Above: Zoë Oliver, 22, Student, Crown Heights.
You’re so flexible.
I’m double-jointed in my shoulders and can put both my legs behind my head. That’s why I love coming to Movement class — because I can do things with my body that are almost grotesque, but it’s good.
How’d you find the class?
Julia was my teacher at NYU. It can be really emotional. Once, I came in and I was in a horrible mood. I’d just had this missed connection on the subway — this handsome guy tried to start a flirty conversation with me, and I panicked and ran away, totally sabotaging myself. We were stretching, and Julia mouthed to me, “Are you okay?” I started crying and cried for two hours while I moved. Everyone was kind of emotional that day, laughing and weepy. I’ve been in art school since I was 7, so I can’t really imagine a world where I’m not able to cry in class.
Have you been to other dance classes?
Yes, and this is not like them. Sometimes it goes toward improv. There will be random call-and-repeats, like “The dog is over here!,” and everyone will be like, “The dog is over here!,” and then start barking.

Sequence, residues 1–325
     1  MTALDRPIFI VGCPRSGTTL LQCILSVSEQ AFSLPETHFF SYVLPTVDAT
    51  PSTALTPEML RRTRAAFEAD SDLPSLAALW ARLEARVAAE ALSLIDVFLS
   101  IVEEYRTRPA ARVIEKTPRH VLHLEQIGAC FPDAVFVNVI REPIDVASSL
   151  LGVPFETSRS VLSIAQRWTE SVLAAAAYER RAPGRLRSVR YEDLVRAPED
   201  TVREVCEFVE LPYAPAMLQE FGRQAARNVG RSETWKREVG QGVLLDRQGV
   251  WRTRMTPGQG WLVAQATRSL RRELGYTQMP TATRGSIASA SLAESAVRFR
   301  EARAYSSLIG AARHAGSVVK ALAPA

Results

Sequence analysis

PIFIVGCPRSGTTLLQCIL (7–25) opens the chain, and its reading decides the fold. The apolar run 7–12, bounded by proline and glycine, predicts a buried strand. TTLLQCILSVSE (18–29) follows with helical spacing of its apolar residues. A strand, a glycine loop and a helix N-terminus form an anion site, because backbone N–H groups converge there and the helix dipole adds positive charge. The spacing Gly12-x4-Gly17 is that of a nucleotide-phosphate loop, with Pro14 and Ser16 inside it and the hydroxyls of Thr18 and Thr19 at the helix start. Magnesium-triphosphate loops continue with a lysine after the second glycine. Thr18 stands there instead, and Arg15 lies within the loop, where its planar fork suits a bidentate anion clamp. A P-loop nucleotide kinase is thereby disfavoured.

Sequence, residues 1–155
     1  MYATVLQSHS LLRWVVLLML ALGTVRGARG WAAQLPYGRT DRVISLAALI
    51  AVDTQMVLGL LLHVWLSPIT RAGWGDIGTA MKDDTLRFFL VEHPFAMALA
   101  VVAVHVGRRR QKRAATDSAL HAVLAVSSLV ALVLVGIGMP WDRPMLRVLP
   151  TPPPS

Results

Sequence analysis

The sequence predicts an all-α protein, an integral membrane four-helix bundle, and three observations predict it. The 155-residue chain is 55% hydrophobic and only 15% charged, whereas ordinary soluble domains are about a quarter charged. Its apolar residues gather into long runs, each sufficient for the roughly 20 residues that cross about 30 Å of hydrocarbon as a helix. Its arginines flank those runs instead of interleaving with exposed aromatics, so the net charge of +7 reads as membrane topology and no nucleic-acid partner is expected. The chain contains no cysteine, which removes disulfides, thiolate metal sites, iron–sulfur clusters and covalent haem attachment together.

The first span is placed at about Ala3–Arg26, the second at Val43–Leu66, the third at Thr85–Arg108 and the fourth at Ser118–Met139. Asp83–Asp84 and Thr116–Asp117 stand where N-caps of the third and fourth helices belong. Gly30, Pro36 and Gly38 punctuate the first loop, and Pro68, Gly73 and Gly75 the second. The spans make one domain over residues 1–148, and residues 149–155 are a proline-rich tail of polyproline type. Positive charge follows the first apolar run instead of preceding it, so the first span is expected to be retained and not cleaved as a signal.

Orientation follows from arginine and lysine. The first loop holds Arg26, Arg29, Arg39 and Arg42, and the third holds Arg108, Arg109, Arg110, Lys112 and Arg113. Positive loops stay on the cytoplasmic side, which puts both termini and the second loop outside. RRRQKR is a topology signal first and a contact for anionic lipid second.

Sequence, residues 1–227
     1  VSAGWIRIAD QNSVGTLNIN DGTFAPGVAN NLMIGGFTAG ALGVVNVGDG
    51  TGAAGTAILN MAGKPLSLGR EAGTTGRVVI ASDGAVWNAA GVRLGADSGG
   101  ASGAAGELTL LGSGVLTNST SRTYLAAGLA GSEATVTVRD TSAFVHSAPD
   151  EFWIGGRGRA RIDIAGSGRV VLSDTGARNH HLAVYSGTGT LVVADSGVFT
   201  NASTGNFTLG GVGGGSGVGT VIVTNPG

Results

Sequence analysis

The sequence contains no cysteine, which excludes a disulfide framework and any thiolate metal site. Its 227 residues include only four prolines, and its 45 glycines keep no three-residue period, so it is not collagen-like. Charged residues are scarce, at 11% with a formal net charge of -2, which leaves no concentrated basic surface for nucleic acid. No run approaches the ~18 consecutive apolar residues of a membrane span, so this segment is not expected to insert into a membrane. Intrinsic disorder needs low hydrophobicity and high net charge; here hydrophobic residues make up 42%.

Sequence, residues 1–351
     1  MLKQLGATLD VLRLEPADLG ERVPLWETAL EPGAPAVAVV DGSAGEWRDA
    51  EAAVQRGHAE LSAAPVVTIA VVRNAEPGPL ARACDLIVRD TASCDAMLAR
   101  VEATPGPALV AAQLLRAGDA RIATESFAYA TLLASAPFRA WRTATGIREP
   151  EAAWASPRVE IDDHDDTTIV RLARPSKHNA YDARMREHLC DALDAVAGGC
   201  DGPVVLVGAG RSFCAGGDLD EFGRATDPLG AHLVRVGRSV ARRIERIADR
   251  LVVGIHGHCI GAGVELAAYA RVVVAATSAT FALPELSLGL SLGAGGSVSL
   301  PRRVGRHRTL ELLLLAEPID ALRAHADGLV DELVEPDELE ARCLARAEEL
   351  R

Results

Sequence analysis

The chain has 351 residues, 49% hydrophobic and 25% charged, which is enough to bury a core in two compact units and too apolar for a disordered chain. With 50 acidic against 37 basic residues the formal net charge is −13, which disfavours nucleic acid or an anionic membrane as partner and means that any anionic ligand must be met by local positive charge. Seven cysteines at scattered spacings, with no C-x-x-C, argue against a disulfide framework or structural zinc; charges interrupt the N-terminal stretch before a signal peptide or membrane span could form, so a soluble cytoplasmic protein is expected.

I own three ribbons. Pink is for when I’m feeling more playful and girlie, blue is for a happy mood, and green means serene. Today is a serene day.
What was your last acting job?
I was a soldier recently in a World War II period-piece situation. I manifested that character here in Movement — put my energy in my chest, imagined myself as someone who is a bit naïve but ready to go. It’s funny, though; generally I’m typecast as a techie nerd.
How often do you audition?
A few times a week. This is the exact opposite of what an audition room is like. In class today, there was so much babbling, screaming, noises you never hear adults make. The last time I’d heard those noises was when I used to babysit.
For more information, go to movementforeverybodycom.wordpress.com
*This article appears in the March 2, 2020, issue of New York Magazine. Subscribe Now!